I want a refund for your conference presentation

There is a problem with academic criminal justice and criminology, and it’s getting worse.

I’ve attended several conferences and meetings in the last three months. And the standard of presentation is deteriorating.

Ok, my girlfriend calls me a curmudgeon, and she is probably right. It’s probably been like this for ages. But conferences are expensive and my students and police colleagues bust a gut to get there. Students, adjunct faculty, instructors – they often spend their own money to attend. And cops and other professionals frequently have to take vacation days. All of them make a significant commitment. Unfortunately, it is clear that too many academics can’t be bothered to make an equivalent effort.

Look, I get it, you are busy with research, grading, supervision, slow-death-by-committee, inflicting wisdom on students, and plotting the early death of reviewer #2. But communicating is part of the job, and conferences can reach a greater audience than your draft article for the Bangladeshi Journal of Sheep Stealing and Criminology that probably won’t get accepted anyway. So please make more of an effort. Here are some pointers:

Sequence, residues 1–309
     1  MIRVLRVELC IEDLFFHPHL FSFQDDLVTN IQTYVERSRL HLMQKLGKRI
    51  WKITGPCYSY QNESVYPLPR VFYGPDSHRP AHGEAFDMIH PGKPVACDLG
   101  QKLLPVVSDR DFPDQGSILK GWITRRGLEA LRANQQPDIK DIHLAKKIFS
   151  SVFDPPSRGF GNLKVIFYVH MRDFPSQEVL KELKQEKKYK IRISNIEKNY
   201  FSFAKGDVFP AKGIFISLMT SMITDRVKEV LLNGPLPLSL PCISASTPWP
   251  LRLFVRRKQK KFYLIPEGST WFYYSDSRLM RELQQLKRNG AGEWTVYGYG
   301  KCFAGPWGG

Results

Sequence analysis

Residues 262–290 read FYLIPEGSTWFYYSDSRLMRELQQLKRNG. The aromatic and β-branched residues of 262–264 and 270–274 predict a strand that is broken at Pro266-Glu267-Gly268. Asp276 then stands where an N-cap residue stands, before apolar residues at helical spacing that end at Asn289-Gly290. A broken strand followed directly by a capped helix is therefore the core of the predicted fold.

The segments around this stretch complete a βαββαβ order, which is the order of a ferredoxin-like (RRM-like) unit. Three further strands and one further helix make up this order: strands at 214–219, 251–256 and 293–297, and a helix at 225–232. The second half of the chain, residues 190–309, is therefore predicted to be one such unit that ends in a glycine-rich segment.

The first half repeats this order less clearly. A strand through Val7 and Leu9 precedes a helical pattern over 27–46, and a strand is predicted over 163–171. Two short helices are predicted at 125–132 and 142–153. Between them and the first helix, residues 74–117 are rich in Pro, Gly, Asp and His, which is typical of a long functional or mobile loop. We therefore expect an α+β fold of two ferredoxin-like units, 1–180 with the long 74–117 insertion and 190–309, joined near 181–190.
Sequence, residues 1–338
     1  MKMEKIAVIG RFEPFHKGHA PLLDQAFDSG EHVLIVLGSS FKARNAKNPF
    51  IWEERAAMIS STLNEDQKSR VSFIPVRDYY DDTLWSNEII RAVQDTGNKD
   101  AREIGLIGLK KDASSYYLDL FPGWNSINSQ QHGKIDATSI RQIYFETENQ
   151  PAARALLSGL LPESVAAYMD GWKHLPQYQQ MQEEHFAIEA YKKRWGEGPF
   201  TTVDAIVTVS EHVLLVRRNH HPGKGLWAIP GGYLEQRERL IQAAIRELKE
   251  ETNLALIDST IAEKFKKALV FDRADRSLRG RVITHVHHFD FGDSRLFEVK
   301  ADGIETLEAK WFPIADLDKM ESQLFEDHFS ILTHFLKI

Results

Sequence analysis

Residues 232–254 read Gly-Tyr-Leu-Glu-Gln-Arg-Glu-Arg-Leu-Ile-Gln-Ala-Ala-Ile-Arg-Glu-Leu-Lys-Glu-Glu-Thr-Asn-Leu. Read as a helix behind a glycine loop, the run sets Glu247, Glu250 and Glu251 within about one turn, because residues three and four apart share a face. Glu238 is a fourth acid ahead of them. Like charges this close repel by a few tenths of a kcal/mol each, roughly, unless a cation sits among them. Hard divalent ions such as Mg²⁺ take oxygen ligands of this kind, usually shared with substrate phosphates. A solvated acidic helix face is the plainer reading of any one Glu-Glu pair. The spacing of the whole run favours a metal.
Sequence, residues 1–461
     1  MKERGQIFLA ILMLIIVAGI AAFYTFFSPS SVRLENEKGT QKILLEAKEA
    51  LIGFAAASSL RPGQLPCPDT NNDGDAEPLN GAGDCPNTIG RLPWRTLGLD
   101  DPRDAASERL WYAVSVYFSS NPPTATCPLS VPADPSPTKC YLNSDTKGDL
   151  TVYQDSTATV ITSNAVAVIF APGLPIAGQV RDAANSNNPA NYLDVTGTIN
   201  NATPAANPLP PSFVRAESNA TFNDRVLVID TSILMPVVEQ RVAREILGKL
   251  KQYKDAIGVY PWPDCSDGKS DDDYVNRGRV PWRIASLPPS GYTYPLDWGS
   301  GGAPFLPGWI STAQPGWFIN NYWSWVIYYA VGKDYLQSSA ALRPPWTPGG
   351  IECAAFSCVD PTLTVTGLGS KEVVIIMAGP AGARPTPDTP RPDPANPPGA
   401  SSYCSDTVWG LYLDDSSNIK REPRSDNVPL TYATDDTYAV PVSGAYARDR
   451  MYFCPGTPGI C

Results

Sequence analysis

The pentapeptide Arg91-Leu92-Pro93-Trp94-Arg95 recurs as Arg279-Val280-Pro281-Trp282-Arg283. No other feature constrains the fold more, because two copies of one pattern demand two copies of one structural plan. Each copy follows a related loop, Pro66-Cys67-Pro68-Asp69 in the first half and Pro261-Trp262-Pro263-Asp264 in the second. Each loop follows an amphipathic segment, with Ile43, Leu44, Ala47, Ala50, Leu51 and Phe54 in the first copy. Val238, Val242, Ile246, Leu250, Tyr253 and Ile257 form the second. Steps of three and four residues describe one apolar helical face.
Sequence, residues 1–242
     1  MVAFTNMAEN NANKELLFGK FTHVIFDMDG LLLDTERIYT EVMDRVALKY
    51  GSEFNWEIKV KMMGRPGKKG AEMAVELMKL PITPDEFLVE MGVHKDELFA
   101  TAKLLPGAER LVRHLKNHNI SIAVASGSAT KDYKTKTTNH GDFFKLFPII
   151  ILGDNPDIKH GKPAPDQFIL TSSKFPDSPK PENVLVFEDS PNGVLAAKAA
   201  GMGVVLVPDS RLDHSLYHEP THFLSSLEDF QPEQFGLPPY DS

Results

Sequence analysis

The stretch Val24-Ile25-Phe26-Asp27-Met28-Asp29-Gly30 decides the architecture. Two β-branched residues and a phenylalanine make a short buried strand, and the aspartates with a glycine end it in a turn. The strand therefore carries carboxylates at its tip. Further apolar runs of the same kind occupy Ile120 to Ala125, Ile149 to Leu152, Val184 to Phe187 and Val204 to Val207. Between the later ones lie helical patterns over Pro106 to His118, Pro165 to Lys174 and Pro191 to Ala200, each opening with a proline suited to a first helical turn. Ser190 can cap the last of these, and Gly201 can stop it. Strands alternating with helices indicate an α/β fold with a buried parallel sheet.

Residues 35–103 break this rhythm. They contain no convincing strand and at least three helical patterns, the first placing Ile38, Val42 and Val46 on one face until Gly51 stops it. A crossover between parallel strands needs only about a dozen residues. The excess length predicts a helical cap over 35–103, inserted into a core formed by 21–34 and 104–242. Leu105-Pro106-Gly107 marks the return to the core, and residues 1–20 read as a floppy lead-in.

Have something to talk about. You aren’t so star-spangled awesome that we are hanging on your every random thought. There are only a handful of academics in the field who have an opinion that’s truly insightful. Chances, are it’s not you (or me). The rest of us should bring data/facts/analysis/interpretation. Academic departments don’t fund students to hear random, often unprepared thoughts. That’s what Twitter is for.

Think about what the audience wants. Too many presentations follow the same format as a journal article, but that can make for a dull talk. It’s about satisfying the needs of the audience with the results and takeaways. Have a structure that makes sense for a presentation, and don’t forget the ‘so what?’ If you cut and paste in that table because you felt that you had to, even though you don’t really know why, then take it out. We don’t care about a page full of statistical output in your presentation – or your poster.